Science Fair Project Encyclopedia
The palaestra was the ancient Greek wrestling school. The events that did not require a lot of space, such as boxing and wrestling, were practiced there. The palaestra functioned both independently and as a part of public gymnasia. A palaestra could exist without a gymnasium, but no gymnasium can exist without a palaestra.
The Palaestra as an Athletic and an Educational Center
The palaestra was a prominent feature in Greek society, the significance of athletic competition translating into an importance of the building itself. The status of the specific event, wrestling, sponsored by the palaestra added to the importance of the building. Wrestling was one of the oldest and most widely distributed sports in the Greek world.
Over time, the palaestra's role as an educational space also increased. Although the palaestra continued to function as the wrestling school, lectures and intellectual conversation were hosted there as well, and this educational role gradually took over the function of the building.
Architecture of the Palaestra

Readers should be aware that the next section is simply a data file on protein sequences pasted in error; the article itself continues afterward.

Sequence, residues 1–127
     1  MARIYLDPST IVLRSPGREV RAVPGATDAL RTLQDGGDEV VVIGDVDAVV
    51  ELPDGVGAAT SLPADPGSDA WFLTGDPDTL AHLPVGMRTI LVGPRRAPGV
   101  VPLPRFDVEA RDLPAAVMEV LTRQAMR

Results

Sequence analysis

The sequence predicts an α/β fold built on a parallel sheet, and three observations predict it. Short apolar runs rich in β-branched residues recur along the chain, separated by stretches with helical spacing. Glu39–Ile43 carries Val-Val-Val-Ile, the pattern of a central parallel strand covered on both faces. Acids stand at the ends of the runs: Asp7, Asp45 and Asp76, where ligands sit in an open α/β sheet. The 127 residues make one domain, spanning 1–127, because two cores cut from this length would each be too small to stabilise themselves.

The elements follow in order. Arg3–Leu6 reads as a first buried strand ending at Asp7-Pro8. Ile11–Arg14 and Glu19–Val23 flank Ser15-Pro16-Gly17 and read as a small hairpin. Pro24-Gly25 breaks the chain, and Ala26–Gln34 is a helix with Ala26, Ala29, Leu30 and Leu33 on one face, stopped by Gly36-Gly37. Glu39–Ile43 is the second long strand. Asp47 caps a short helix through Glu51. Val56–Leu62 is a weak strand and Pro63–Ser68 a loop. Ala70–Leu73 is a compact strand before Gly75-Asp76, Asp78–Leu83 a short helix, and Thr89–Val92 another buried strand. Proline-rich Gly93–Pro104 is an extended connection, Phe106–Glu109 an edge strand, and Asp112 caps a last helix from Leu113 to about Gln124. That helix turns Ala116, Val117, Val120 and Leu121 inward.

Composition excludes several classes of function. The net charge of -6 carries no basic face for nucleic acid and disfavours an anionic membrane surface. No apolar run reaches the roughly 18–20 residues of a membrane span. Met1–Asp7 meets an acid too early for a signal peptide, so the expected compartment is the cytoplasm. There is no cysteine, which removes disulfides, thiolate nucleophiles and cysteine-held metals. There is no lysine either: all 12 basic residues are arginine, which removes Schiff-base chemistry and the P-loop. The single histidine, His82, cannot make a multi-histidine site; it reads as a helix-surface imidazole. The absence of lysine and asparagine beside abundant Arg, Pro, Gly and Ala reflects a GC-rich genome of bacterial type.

The architecture of the palaestra, although allowing for some variation, followed a distinct, standard plan. The palaestra essentially consisted of a rectangular court surrounded by colonnades with adjoining rooms. These rooms might house a variety of functions: bathing, ball playing, undressing and storage of clothes, seating for socializing, observation, or instruction, and storage of oil, dust or athletic equipment. Vitruvius, through his text On Architecture, is an important ancient source about this building type and provides many details about what he calls ?palaistra, Greek-style?. Although the specifics of his descriptions do not always correspond to the architectural evidence, probably because he was writing around 27 B.C., his account provides insight into the general design and uses of this type of space. As Vitruvius describes, the palaestra was square or rectangular in shape with colonnades along all four sides creating porticoes. The portico on the northern side of the palaestra was of double depth to protect against the weather. Spacious halls (exedrae) were built along the single depth sides of the palaestra with seats for those enjoying intellectual pursuits, and the double depth side was divided into an area for youth activities (ephebeum), a punching bag area (coryceum), a room for applying powders (conisterium), a room for cold bathing, and an oil storeroom (elaeothesium).
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